You’ll need only a few ingredients to make this easy and delicious Grilled Eggplant with Whipped Feta, Sumac and Mint. I think it tastes best when enjoyed warm and fresh, but you can also prepare it ahead of time and serve it at room temperature. Try it as an appetizer, alongside some of my Chicken Shawarma, or serve it with a salad for a light lunch.
This Grilled Eggplant with Whipped Feta is very much inspired by a burnt eggplant shared by Yottam Ottolenghi in The Guardian. There are just a few small differences in that I don’t add milk to the cheese, prefer mint over dill and use Bomba Calabrese, a spicy Calabrian chile pepper spread, instead of harissa.
Note that because the grilled eggplant is paired with whipped feta cheese, this recipe is not considered Paleo or Whole30.
What You Need for Grilled Eggplant with Whipped Feta, Sumac and Mint
Medium-sized eggplants not only cook faster than larger ones, but they’re also a bit sweeter and mellow in flavour, making them ideal here. Not to mention the fact that they contain less water than larger varieties so you won’t need to drain the bitter liquid inside after cooking them.
If you can find zebra or graffiti eggplants, grab some! They’re strikingly beautiful and have a delicious, sweet flesh. Account for one medium-sized eggplant per person as a portion size.
This spicy chile pepper spread hails from Calabria, Italy. It can be found at many major grocery stores or Italian specialty markets. Each brand, or household for that matter, makes theirs a little different. You can find Bomba made with hot peppers, mushrooms, eggplant, artichokes and herbs packed in olive oil or vegetable oils.
Not only does the mint add a pop of beautiful colour, but it also brings some delicious freshness to the dish. If you don’t have fresh mint, you can use any type of leafy herb you like: parsley, cilantro, dill, basil, or even chives.
Sumac is made from dried berries that have been ground to a powder. It has a deep crimson colour with a slightly acidic, lemony flavour profile. It goes great over grilled meats and vegetables, like this Grilled Eggplant with Whipped Feta.
Can I Substitute This For That?
Think of this less as a recipe and more as a blueprint for a number of variations. You can absolutely make substitutions and play around with flavours.
Try serving the grilled eggplant with Tahini instead of whipped feta for a paleo, whole30 and vegan option.
Instead of the Bomba, serve it with your favourite chile oil or spread. There’s a recipe for Zhug, a Yemenite hot sauce, in my cookbook that would be perfect here! Or, if you don’t like things spicy, you can spoon some garlic aioli overtop.
Larger varieties of eggplants work too. They just take longer to cook and you may have to drain their bitter liquid after cooking.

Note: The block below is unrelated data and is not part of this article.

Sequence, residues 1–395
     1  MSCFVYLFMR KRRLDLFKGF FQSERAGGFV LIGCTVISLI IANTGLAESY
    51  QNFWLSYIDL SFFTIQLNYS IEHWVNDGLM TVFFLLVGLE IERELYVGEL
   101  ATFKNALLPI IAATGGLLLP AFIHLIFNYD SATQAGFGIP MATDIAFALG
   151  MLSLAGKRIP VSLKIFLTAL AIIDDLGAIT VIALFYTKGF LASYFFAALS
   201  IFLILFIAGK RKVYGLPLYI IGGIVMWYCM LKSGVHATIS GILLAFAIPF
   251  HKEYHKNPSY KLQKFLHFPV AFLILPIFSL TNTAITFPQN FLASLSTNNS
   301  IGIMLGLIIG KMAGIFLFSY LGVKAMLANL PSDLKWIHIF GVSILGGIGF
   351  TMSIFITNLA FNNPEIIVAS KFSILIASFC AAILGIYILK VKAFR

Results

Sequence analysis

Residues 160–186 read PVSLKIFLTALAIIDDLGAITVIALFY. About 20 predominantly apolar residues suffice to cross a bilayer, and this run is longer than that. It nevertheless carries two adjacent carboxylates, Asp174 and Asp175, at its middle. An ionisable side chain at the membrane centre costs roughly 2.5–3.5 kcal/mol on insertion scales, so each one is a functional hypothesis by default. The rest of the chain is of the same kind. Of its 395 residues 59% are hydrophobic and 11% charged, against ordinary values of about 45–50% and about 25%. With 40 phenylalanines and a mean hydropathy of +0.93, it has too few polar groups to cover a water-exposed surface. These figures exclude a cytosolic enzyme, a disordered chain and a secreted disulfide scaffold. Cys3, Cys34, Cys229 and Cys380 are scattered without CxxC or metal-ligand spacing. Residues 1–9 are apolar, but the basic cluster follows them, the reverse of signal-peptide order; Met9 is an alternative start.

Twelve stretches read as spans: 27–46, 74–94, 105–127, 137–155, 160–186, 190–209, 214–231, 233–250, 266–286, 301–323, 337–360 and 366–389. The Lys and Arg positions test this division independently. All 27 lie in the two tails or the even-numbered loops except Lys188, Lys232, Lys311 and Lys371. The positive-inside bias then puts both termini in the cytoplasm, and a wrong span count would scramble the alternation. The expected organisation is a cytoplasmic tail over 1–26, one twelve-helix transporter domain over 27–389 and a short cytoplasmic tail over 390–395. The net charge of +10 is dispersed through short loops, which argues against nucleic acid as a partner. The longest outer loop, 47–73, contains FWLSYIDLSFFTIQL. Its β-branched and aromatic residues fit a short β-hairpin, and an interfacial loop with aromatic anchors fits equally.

Don’t like eggplants? Try it with grilled mushrooms, zucchini, asparagus, or cauliflower.
Help! I Don’t Have a Grill!
If you don’t have a Traeger, you can roast the eggplants on a sheet pan in a 450F oven, flipping them every so often, until they’re soft and fork-tender in the middle. Cooking times will be more or less the same, but you won’t get the wood-fired flavour you would from a Traeger.
Alternatively, you can char the eggplants over a gas stove burner. The only thing to consider is clean up if they eggplants rupture and start leaking juices.
Grilled Eggplant with Whipped Feta, Sumac and Mint
- 5 medium-sized eggplants graffiti/zebra or Italian
- ½ cup feta cheese plus ¼ cup of its packing water
- 2 tablespoons Calabrian Bomba substitute favourite chile oil or paste
- 1 teaspoon Maldon salt substitute any flakey salt
- 2 sprigs fresh mint around 14 leaves, roughly torn
- Preheat Traeger grill to 500F. Using a fork, poke some shallow holes all over the eggplants. This will help with peeling them after cooking.
- Place the eggplants directly onto the grill towards the back perimeter where it gets hottest. Cook, turning often, until black all over and soft in the middle, around 15 minutes total. Transfer to a wooden board. Using a wooden spoon, slice the flesh of each eggplant in half, keeping the stem intact. Let cool for a few minutes and peel off all of the skin. Keep the stem intact for presentation purposes.
- In a food processor, combine the feta cheese and its packing water. Blend until smooth and creamy. If the mixture is too thick, add a bit of water. If it is too loose, add a bit more feta cheese.
- Spread the whipped feta in an even layer onto a serving platter. Top with the peeled eggplants and drizzle with the Bomba or chile oil. Season with Maldon salt and top with fresh mint. Serve while still warm or at room temperature.